December 10, 2014
by Gerald Skoning  

Mr. Skoning is a labor and employment lawyer in Chicago

Like millions of other Americans, I have spent cautiously, paid bills on time and maintained a strict budget. That doesn’t make us heroes. But it does mean we have exercised common sense, which has been sorely lacking among the politicians in my home state of Illinois.

The Land of Lincoln has accrued a $111 billion unfunded liability for government workers’ pensions—up 75% from five years ago. There is an additional $56 billion of unfunded debt to cover health benefits for the state’s retirees. Illinois today is already spending more of its general fund on pensions than on K-12 education. One in four tax dollars pays for its retired workers’ benefits. Last year the state had to defer paying $7 billion owed to contractors. All this after Democrats in 2011 raised income taxes and corporate taxes by 67% and 30%, respectively.

It’s getting embarrassing to admit that I’m a citizen of such a deadbeat state.

The level of debt is staggering. According to a recent report by Statista Inc., Illinois residents owe $24,959 each as their share of the outstanding bonds, unfunded pension commitments and budget gaps the state has accumulated. Thank goodness this obligation doesn’t go on my credit report, or my credit rating would be in the tank along with the state’s A-minus bond rating, the worst of any state in the nation.

It is no wonder that 850,000 people have left Illinois for other states in the past 15 years, according to the Illinois Policy Institute. Or that Illinois has become one of the most business unfriendly states in the country (40th in a recent Forbes survey).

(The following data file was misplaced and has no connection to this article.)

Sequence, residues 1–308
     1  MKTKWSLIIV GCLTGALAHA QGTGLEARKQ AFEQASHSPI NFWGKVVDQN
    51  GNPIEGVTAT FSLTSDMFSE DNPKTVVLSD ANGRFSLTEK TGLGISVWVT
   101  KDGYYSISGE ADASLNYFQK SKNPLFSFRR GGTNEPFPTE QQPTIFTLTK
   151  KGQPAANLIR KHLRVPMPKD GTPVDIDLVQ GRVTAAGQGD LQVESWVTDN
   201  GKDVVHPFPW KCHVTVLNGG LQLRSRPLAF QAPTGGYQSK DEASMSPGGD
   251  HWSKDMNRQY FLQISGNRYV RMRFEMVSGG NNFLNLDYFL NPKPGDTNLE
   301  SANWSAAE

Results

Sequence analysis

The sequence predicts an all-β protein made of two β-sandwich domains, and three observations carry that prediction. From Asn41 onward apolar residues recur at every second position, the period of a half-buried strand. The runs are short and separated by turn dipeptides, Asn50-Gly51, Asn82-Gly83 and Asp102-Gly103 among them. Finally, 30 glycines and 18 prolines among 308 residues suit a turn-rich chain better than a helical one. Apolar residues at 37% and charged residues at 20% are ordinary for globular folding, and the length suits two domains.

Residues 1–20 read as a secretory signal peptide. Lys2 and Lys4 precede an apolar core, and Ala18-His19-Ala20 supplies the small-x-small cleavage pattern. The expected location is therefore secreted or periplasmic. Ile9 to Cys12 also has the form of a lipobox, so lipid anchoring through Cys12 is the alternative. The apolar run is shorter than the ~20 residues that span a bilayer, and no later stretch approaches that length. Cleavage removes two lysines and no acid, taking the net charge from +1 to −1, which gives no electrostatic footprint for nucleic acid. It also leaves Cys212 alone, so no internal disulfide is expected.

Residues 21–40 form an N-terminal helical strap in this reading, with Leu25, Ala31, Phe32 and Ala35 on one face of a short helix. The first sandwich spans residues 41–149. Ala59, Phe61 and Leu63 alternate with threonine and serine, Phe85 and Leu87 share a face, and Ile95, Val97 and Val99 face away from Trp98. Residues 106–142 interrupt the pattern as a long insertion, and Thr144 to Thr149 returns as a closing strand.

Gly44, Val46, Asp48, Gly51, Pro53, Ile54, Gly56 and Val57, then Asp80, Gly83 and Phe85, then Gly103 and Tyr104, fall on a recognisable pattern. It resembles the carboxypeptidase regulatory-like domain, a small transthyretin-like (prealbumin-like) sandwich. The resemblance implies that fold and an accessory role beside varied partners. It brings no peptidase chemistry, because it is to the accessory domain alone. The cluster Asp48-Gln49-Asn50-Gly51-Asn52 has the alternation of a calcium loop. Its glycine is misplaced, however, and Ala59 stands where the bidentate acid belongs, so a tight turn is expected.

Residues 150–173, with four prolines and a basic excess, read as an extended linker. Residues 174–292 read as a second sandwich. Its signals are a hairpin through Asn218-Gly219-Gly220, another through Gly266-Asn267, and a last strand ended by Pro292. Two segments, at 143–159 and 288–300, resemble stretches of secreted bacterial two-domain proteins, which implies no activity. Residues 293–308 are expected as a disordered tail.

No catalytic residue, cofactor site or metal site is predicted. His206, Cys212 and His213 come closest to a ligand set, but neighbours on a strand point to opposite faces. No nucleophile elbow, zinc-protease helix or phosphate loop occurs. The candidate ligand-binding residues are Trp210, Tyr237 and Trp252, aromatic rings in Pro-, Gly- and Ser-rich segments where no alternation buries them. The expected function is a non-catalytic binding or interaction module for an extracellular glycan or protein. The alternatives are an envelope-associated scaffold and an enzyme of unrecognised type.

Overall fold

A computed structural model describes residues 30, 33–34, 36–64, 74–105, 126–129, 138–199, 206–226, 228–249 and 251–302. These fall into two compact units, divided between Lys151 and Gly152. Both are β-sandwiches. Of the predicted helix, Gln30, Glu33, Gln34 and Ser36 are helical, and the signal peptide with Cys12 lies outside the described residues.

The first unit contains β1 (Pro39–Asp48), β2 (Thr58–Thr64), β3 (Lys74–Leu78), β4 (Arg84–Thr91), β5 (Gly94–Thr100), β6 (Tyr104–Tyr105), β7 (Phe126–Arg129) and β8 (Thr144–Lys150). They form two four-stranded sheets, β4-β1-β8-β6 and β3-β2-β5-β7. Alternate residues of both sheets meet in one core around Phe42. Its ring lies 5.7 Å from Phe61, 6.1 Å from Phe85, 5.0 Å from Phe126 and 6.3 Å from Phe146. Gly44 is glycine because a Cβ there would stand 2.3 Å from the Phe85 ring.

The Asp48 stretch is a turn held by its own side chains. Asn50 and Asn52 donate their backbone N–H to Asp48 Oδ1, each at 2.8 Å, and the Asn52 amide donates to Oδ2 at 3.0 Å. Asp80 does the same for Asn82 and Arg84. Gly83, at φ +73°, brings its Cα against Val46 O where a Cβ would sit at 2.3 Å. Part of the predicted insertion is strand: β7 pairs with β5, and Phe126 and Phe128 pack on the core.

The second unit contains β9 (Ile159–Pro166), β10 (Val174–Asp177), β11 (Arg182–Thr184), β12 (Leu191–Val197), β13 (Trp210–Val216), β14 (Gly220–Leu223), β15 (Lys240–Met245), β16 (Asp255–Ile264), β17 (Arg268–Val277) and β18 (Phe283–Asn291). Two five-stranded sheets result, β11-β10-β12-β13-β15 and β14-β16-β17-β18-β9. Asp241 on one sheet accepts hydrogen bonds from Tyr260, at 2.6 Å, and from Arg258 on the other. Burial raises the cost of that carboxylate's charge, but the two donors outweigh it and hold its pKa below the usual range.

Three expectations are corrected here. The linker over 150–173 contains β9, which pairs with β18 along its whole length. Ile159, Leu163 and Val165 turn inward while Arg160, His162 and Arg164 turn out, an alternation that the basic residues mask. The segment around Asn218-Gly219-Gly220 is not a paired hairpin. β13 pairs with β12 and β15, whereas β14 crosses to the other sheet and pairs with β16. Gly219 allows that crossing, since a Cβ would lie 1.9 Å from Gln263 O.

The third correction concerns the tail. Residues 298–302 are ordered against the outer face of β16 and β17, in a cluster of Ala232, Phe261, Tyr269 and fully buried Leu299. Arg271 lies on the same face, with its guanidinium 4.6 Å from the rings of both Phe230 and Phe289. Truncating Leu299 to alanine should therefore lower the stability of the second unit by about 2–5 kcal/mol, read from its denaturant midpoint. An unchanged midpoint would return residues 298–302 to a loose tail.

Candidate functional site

Ironically, there is an easy way for me and my fellow Illinoisans to reduce our obligations: Move next door to Indiana, or maybe to Florida. The debt per resident in the Hoosier State is just $5,726 (third lowest in the country) and residents of the Sunshine State owe only $7,175 each (fourth lowest). It may be a coincidence, but the eight lowest debt-per-resident states have Republican governors.

Crushing debt isn’t just Illinois’s problem. According to State Budget Solutions, America’s 50 state governments collectively owe $5.1 trillion, including outstanding bonds, unfunded pension commitments and budget gaps. California has by far the largest debt—$778 billion—more than twice that of No. 2, New York, with $387 billion in red ink.

County and local governments also are huge debtors. The Cook County treasurer notes that the county’s numerous local governments have a debt load of more than $140 billion. Of course, Uncle Sam is the worst offender in the deficit-spending Hall of Shame. The federal debt is more than $17 trillion and increasing by $4 billion a day. Every citizen’s share of the debt is $58,604.

The $17 trillion federal deficit is the tip of the iceberg. The U.S. has nearly more than $115 trillion in unfunded liabilities, principally in entitlement programs such as Medicare and Social Security. That’s $1.1 million per U.S. taxpayer.

Forget about Indiana and Florida, maybe I should move to the Cayman Islands. But I’m not going to leave the United States—or Illinois. The message of the midterm elections last month was that Americans want to put the era of fiscal irresponsibility and economic stagnation in the rearview mirror. I’m hoping that Bruce Rauner, the Republican elected governor of deep-blue Illinois, will show them how it can be done.

Mr. Skoning is a labor and employment lawyer in Chicago



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